¨I don't think losing my father broke my mother's heart, but rather losing love itself.¨
I admire director Jason Reitman's work (Juno and Up in the Air being my favorites), but I have to admit his screenplay for Labor Day was a mess. I really found it difficult to believe that any of the characters here would behave the way they did, and that took me completely out of the movie. There were some awkward and ridiculous decisions made by each one of the characters during some point of the movie that never allowed me to sit back and enjoy it. The premise is so out there that neither the suspense nor the romance worked. At the end, Reitman tried to save the film by giving it a schmaltzy and sweet ending, but it felt completely out of place. The only thing the film succeeds in is in making me want to go try some of that peach pie they made. Reitman knows how to place and move the camera, every shot was at the right place, but the senseless story hurt the film. Not even talented actors like Josh Brolin and Kate Winslet were able to make their characters believable, and the narration from Tobey Maguire was painful to listen to. Not for one moment was I able to buy into the scenario (a guy escapes from prison, and in order to hide from the police, forces a mother and her son to take him in to their home and then teaches them how to bake a pie and play baseball).
The screenplay was adapted by Jason Reitman from Joyce Maynard's novel, which I have never read, but if it's anything like the film I plan to stay away from it. The film centers on a 13 year old boy named Henry Wheeler (narrated by Tobey Maguire as an adult, but played by Gattlin Griffith as the teenager) who lives with his depressed mother. Ever since her husband abandoned her, Adele (Kate Winslet) avoids going out and remains secluded indoors as much as possible. Henry spends most of his time with her, although some Sunday's he spends with his father, Gerald (Clark Gregg), and his new family. Henry and Adele's life takes an unexpected turn when one weekend morning they go out shopping and encounter an escaped prisoner. Frank (Josh Brolin) forces Adele and Henry to take him to their home where he can hideout and recover from a wound after escaping from a hospital where the prisoner was being treated for appendicitis. At first Adele and Henry are frightened of course, but Frank treats them well and even ends up doing most of the house work. The events that take place during the Labor Day weekend end up changing all their lives forever.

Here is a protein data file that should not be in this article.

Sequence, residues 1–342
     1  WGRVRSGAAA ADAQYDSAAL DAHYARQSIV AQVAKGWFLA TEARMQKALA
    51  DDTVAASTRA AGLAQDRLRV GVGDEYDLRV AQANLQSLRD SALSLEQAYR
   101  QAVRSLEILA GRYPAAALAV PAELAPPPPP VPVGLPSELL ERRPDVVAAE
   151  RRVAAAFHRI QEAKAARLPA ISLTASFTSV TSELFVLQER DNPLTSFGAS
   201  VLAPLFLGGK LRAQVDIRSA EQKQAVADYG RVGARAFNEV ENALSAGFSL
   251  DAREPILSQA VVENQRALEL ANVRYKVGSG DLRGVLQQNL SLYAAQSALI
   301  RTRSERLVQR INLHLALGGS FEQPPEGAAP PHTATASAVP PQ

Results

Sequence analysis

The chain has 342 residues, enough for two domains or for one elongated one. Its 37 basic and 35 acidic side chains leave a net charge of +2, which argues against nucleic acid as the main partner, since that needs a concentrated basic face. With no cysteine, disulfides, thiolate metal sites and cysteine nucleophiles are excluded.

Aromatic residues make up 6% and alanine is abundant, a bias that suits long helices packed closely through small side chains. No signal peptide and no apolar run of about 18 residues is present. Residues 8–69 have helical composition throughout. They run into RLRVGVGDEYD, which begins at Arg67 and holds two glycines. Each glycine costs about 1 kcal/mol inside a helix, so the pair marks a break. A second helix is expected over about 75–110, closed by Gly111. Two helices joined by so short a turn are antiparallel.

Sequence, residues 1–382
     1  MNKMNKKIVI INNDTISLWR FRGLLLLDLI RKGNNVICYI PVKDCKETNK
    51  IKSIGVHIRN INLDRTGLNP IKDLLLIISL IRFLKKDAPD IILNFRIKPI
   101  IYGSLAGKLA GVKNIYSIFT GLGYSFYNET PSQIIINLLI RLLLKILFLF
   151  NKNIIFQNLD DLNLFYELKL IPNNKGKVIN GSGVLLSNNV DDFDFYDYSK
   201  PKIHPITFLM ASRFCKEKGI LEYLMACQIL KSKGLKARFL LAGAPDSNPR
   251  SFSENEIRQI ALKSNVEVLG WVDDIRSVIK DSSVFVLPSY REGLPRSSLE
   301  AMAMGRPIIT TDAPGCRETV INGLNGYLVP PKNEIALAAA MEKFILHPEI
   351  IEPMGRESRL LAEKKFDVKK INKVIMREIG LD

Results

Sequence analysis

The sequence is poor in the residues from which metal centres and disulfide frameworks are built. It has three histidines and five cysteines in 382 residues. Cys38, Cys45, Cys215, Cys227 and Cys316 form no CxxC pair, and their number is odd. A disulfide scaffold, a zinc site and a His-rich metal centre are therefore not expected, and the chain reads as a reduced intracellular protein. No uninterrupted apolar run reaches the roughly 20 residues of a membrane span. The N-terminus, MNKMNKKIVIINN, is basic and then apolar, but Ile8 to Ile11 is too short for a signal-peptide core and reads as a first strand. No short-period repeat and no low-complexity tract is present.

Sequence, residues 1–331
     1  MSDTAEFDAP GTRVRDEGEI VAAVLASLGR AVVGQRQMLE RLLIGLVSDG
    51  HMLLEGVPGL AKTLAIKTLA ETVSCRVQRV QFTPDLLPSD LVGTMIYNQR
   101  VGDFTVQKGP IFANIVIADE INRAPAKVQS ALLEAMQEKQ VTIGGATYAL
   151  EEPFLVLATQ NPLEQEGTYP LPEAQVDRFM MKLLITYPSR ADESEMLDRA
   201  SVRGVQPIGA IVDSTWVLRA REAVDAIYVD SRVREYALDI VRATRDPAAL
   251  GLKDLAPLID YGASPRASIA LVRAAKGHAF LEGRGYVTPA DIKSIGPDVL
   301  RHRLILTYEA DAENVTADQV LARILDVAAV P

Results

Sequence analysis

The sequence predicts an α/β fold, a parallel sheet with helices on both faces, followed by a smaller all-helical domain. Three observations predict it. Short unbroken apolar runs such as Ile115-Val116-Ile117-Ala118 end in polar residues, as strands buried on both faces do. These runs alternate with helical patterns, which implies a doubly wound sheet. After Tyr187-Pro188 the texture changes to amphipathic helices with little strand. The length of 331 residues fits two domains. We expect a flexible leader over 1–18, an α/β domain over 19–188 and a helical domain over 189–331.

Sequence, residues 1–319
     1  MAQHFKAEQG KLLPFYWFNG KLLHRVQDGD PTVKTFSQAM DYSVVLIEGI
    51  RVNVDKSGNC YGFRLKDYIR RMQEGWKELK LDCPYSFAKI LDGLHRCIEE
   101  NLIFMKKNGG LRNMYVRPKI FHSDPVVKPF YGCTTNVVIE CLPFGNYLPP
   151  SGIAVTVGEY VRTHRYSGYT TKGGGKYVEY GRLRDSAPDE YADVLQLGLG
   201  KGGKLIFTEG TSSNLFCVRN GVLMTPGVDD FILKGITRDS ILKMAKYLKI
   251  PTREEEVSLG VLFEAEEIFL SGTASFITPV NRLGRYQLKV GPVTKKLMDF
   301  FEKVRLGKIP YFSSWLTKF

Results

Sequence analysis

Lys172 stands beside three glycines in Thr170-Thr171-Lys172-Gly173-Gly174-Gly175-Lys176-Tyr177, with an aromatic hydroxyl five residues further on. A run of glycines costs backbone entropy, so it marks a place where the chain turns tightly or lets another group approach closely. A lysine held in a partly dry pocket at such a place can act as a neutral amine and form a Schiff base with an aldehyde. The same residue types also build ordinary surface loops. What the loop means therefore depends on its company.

The film tries to balance the suspense and romance, but due to the premise it never seems believable. For instance their's Frank who has to force this family to take him to their home where he should be hiding out and recovering, but he ends up cleaning the place and teaching Henry how to play baseball in the yard. He also teaches them how to cook pies, of course a necessary plot point in order for the audience to forgive Frank for literally taking the family hostage. It also gives the film an excuse to allow Frank and Adele to fall in love with each other, but that seemed completely implausible considering the situation. I never bought into the story and it all felt forced and awkward. Even the friendship blossoming between Henry and the girl from Chicago that had just arrived felt awkward and every single conversation they had felt like an excuse to build unnecessary suspense. I don't consider myself cynical and I tend to enjoy some romantic dramas, but this was one that never felt authentic and where every situation seemed improbable. Labor Day is an unlikely romance that simply didn't work for me and wasted the talents of Winslet and Brolin. The third act is better than the first two, but it just comes a bit too late and it is founded on a relationship I never believed in the first place.